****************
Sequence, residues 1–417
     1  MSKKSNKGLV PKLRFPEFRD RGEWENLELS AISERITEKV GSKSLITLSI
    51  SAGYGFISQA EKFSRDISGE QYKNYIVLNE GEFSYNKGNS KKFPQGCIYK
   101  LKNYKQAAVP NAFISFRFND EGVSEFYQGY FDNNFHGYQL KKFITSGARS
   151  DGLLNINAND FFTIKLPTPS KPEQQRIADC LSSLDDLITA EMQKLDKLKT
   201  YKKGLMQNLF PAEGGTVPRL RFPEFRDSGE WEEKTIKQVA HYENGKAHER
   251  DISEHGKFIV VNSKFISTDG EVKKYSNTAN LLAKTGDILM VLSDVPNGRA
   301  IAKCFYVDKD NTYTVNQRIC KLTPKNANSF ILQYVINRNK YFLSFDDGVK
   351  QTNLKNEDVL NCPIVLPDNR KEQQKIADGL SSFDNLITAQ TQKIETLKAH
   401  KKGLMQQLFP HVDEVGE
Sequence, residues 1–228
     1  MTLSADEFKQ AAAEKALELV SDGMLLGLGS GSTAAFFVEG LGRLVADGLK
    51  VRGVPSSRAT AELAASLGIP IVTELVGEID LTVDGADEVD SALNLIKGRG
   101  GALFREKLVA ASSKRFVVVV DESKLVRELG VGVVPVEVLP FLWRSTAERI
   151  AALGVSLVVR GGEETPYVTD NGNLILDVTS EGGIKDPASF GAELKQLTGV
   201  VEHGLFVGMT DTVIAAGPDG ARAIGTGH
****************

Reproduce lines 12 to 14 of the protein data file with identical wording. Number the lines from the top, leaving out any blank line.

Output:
     1  MTLSADEFKQ AAAEKALELV SDGMLLGLGS GSTAAFFVEG LGRLVADGLK
    51  VRGVPSSRAT AELAASLGIP IVTELVGEID LTVDGADEVD SALNLIKGRG
   101  GALFREKLVA ASSKRFVVVV DESKLVRELG VGVVPVEVLP FLWRSTAERI